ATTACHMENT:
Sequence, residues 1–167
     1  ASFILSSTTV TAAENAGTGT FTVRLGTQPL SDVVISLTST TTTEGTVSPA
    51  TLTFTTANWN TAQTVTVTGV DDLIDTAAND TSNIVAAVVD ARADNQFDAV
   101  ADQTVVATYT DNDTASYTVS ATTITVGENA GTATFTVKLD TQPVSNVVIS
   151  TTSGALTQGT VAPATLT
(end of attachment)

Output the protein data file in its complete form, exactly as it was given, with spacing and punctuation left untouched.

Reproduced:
Sequence, residues 1–167
     1  ASFILSSTTV TAAENAGTGT FTVRLGTQPL SDVVISLTST TTTEGTVSPA
    51  TLTFTTANWN TAQTVTVTGV DDLIDTAAND TSNIVAAVVD ARADNQFDAV
   101  ADQTVVATYT DNDTASYTVS ATTITVGENA GTATFTVKLD TQPVSNVVIS
   151  TTSGALTQGT VAPATLT